Time Management: Balancing Clinical Education With Scientific Research

Oncology Fellows, June 2012, Volume 4, Issue 2

With careful attention to detail and conscientious efforts, clinical skills are likely to be transferable from clinical education to meeting research goals.

One of my mentors once told me that it was unrealistic to expect to excel in research and simultaneously excel in the clinic. Initially, I had a hard time believing this idea. In fact, I had evidence on my side. He is a leader in his field, and I saw him maintain a very busy clinic schedule, while he was also involved about some of the most interesting research. I thought that he was voicing his frustrations about his own experience of needing to be in 2 places at the same time. But now, at the end of my fellowship, I can far better appreciate his advice to me.

Some of the skills that are essential for advancing in clinical education are similar to the skills needed for the successful practice of structured research. With careful attention to detail and conscientious efforts, those clinical skills are likely to be transferable from clinical education to meeting research goals. But in order to make this transition possible, you must be patient, constantly reading, willing to collaborate, open to suggestions, forward thinking about your goals, and not afraid to spend long nights in either the clinic or the lab (or both).

Aside from the overlapping skills needed to succeed in clinic and research, I believe that the key to being successful in a hybrid translational role is the use of effective time management skills. Translational medicine is becoming more popular as physicians get involved in hybrid roles. There are tremendous opportunities in designing clinical trials, contributing to early drug discovery, learning regulatory principles, and engaging in biomarker related work. There are variations on aspects of all of these opportunities in academia, industry, regulatory agencies, and the government.

I would like to share my thoughts on 5 time management skills that I have found to be fundamental elements for succeeding in clinical medicine and laboratory-based research.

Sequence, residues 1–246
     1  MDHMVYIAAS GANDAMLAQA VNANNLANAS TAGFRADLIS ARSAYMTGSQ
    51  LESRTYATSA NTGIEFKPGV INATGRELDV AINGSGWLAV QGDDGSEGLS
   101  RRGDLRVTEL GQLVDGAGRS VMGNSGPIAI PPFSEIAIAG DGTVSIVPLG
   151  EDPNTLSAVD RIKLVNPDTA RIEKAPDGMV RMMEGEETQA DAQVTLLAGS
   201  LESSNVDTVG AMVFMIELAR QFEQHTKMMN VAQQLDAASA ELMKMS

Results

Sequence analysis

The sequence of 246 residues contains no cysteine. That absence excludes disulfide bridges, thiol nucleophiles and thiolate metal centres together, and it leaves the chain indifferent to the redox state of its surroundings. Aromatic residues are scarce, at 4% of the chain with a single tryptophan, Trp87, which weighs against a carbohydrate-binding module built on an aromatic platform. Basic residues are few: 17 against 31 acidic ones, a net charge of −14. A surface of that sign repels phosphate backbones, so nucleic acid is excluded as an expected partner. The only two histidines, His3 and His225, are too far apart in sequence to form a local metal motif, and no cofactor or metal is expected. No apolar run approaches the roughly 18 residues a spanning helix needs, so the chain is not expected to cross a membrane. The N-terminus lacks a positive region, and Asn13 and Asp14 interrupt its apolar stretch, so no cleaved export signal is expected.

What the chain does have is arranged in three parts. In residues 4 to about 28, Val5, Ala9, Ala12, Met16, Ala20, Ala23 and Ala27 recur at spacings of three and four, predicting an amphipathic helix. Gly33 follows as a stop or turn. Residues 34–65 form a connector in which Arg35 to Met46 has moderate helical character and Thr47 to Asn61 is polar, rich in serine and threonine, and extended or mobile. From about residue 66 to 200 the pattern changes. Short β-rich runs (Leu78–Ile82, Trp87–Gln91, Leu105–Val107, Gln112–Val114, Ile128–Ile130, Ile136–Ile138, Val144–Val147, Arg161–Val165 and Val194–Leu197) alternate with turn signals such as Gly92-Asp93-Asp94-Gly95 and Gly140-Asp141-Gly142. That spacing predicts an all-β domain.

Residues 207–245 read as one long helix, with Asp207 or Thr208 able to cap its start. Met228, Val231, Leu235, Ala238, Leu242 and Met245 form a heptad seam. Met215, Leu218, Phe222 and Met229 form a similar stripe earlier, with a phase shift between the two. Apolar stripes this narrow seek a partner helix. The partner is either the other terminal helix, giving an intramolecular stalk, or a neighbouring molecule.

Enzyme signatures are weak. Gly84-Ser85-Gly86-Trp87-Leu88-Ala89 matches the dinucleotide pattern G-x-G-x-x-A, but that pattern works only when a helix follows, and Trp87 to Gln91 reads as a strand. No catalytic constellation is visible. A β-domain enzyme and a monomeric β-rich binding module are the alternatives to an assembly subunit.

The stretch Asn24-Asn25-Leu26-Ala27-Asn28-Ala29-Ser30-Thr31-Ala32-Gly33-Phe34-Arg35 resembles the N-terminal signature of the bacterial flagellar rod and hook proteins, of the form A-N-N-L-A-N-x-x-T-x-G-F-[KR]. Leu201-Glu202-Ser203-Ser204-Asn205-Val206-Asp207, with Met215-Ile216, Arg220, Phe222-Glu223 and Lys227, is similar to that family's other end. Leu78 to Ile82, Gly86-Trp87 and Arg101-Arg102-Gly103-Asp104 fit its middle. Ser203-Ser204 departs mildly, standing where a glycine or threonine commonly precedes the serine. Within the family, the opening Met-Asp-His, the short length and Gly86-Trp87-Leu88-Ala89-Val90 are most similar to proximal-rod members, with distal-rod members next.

Concentrate on 1 thing

Acknowledge that you cannot bend the laws of physics to be in 2 places at the same time. You cannot attend 2 lectures simultaneously, and it is not feasible to be in the lab when you have a busy clinic waiting for you, or need to be with a patient who is not doing well. It is very important to prioritize your commitments, and the sooner you do this, the more efficient you may become in managing your time effectively. Many people have found the smart phone app Things useful in helping to manage daily tasks for small and mediumsized projects. This app can be particularly useful as a note-taking tool since it allows you to connect audio, image, and text notes with a certain task or project. Find the organizational tool that works for you and use it consistently.


Seize the moment

Take every possible opportunity to learn. Utilize your down time to attend as many lectures as possible and make time to read clinical publications and the biographies of the speakers who will be presenting throughout the week. You might be surprised to find a rewarding educational experience that you did not expect. The smart phone app ReQall will allow you to take video or audio notes (when permitted) to replay at later times to reinforce oncology information recall.